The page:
Billy Irvin, a popular Christian radio preacher, took the pulpit at Montgomery's City Hall on August 29 to address the city's murder rate. He talked about a documentary he had recently seen about young, wild elephants running amok who were tamed by an older elephant.
“Once the older elephant was introduced to the pack, the younger elephants had somebody to look up to,” Irvin told the crowd. “They had someone to guide them. And that's what our youth needs: someone to guide them. Without that, how will they know about moral structure?”
Irvin was speaking at the graduation ceremony for Operation Good Shepherd, a publicly funded Christian outreach ministry started by the Montgomery Police Department that puts Christian pastors on crime scenes to counsel and pray with victims and witnesses. Police claim the program is a way to regain trust in the community, but there's another motive, which they aren't at all coy about: evangelism—they believe a stronger sense of Christianity will reduce crime.
So far this year, 39 people people have been murdered in Montgomery, Alabama, the vast majority of them black. With a population of only 200,000, those numbers make Montgomery among the most violent cities per capita in the country. If the pace keeps up, 2013 will be the city’s most violent year in four decades. And if numbers specifically by race are taken into account, this could be one of the most violent years for Montgomery's black population since slavery ended.
Nobody can pinpoint why the violence has increased. But in a city like Montgomery, there are a few common sense explanations: a weak economy; high unemployment rates in concentrated parts of the city (exacerbated by weak or absent public transportation); the third-highest incarceration rate in the country, which routinely makes it difficult on kids who have a parent in prison, thereby enabling them to repeat the cycle; severe cuts to the state's rehab and mental health clinics, which makes getting help with drug and alcohol addiction nearly impossible to obtain; the list goes on.
But these weren't talked about during the Good Shepherd ceremony. Rather, Billy Irvin's wild elephant analogy was treated as both a diagnosis and a cure. If the police and pastors could be the wise elephants, crime would go down.
“What we're seeing today, those seeds were sown a long time ago. I truly believe there has been a breakdown in the family. We have young people not being guided,” said Montgomery Police Chief Kevin Murphy.
And Murphy's police department is intent on providing that guidance via a cop-led, Christian outreach program.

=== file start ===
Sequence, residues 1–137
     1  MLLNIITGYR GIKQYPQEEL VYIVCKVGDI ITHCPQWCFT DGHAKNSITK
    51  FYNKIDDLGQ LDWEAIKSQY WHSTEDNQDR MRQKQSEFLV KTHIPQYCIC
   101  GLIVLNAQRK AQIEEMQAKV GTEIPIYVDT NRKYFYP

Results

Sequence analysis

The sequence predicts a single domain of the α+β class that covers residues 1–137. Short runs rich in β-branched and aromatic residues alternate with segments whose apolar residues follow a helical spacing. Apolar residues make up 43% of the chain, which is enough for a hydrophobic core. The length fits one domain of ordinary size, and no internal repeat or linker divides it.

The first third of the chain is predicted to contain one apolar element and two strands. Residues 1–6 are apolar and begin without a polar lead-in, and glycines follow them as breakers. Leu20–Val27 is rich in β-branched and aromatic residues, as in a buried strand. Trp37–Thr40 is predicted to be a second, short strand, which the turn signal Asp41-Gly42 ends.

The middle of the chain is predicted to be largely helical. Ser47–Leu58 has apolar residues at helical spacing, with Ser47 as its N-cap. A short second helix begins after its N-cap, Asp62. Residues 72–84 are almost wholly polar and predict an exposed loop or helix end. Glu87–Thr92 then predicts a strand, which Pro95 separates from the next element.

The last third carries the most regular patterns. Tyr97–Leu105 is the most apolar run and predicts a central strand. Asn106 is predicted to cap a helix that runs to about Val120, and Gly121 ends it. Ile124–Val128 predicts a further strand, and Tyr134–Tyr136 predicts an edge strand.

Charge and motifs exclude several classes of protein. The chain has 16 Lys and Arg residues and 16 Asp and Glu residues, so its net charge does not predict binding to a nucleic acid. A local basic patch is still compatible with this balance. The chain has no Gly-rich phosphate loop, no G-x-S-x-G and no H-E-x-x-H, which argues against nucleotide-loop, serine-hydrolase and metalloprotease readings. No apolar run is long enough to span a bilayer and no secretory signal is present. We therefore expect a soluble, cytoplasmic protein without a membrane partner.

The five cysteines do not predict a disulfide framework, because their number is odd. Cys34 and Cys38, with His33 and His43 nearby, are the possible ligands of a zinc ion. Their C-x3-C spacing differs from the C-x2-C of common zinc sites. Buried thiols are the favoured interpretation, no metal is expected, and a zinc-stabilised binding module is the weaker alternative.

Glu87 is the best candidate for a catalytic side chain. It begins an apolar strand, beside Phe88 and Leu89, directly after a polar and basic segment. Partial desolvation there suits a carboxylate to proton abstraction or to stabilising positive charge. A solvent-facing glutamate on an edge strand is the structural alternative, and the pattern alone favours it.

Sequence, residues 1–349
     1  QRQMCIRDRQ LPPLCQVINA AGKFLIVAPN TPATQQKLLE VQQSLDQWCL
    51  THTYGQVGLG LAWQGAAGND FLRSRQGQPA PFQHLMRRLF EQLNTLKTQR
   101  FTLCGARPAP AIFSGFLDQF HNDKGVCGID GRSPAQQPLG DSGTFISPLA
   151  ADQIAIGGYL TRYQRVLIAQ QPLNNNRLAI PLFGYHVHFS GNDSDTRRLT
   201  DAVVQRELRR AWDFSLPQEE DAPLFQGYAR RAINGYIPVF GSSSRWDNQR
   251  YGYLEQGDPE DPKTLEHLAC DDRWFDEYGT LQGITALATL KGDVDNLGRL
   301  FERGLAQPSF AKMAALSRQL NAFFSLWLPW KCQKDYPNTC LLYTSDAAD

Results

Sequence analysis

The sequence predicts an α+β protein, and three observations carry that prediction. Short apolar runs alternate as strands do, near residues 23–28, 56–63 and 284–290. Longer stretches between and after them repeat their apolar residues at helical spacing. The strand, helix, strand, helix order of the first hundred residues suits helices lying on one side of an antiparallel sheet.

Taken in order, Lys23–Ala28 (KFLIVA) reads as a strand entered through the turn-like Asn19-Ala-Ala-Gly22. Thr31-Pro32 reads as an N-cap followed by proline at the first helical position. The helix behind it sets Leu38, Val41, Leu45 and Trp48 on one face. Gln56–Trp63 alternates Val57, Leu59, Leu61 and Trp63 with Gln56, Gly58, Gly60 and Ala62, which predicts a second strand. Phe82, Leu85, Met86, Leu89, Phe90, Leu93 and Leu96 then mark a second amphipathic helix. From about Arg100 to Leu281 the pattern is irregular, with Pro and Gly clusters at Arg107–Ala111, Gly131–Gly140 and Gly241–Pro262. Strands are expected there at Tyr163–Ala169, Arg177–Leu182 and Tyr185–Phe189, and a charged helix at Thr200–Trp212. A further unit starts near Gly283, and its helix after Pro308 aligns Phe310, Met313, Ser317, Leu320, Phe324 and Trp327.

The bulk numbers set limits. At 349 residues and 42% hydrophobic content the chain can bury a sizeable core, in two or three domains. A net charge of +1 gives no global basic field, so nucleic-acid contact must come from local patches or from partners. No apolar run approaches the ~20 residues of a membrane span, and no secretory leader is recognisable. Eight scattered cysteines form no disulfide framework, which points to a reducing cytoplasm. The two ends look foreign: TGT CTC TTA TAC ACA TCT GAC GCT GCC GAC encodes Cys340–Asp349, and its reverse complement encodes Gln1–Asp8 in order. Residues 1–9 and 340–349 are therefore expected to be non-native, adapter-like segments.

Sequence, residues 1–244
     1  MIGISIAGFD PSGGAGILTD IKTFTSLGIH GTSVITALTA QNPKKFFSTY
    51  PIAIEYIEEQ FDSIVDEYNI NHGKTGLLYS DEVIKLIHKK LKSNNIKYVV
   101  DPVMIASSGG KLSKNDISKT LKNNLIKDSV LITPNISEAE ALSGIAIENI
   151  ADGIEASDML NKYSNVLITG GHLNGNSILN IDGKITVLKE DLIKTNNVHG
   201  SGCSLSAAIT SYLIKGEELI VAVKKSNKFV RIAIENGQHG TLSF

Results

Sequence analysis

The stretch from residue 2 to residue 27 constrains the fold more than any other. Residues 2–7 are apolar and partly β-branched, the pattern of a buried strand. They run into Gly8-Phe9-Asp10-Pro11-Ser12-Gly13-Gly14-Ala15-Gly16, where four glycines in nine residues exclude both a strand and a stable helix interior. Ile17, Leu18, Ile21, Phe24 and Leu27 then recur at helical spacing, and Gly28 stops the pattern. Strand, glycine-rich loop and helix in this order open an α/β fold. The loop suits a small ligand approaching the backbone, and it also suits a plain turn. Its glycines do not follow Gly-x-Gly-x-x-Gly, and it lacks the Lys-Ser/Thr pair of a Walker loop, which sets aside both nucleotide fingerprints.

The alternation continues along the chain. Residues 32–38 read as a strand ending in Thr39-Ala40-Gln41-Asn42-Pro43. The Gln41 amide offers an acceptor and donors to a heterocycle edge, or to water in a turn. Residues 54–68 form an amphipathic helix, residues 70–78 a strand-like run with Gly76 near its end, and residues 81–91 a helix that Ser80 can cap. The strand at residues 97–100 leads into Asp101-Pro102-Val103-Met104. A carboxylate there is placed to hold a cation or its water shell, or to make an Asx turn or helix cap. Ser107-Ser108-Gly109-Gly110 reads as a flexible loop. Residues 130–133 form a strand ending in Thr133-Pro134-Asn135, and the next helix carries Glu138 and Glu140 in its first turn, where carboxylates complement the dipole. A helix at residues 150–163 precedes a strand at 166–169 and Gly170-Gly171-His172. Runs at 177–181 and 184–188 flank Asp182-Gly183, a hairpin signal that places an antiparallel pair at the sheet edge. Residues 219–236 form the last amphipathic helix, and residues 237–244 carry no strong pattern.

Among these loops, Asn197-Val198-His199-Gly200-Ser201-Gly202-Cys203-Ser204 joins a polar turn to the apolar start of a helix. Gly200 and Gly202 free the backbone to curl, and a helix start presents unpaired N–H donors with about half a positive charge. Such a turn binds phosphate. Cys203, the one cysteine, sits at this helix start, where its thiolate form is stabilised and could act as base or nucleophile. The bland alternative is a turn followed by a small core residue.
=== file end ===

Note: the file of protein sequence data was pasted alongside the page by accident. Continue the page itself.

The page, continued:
“What we want to do is combine the religious community and the Montgomery Police Department and we want to unite those as one,” said Corp. David Hicks during an interview on Irvin's Christian radio program.
Moreover, the department is frank about the evangelistic aspect of the program.
“Anytime you find a group of people whose lives have been adversely affected – it could be a major fire in an apartment complex, it could be trouble in a given community, it can be a storm or a disaster – this gives us an opportunity to meet people and show them the kind of love and compassion that all human beings need,” said E. Baxter Morris, the MPD's official chaplain. “There is an evangelistic advantage. That is, that once I float to your comfort zone, and we become one in our crisis, I determine what your spiritual needs may or may not be, and I may be able to share with you a word from Christ.”
It’s easy to see the appeal for the 37 pastors who graduated from the summer-long program and who will eventually be called to crime scenes. After all, their job is to preach, and they're being given a chance to reach individuals in extreme distress.
But it’s not entirely clear that the program is legal, from the constitutional perspective. At the very least, Operation Good Shepherd, and the language around it, might understandably make First Amendment advocates nervous. The “outreach ministry” is entirely funded by taxpayers. Although the pastors are all volunteers who are not compensated by the city, police officers get paid their regular wages to train them and the program incurs administrative costs, including ID cards for pastors to get access to crime scenes.
“Even without paying the ministers, using ministers as a formal part of the police department— as an outreach ministry — I think violates the Establishment Clause,” said Erwin Chemerinsky, the dean of the School of Law at University of California in Irvine. “The government cannot take actions that appear to endorse religion. Using ministers in this way does exactly that.”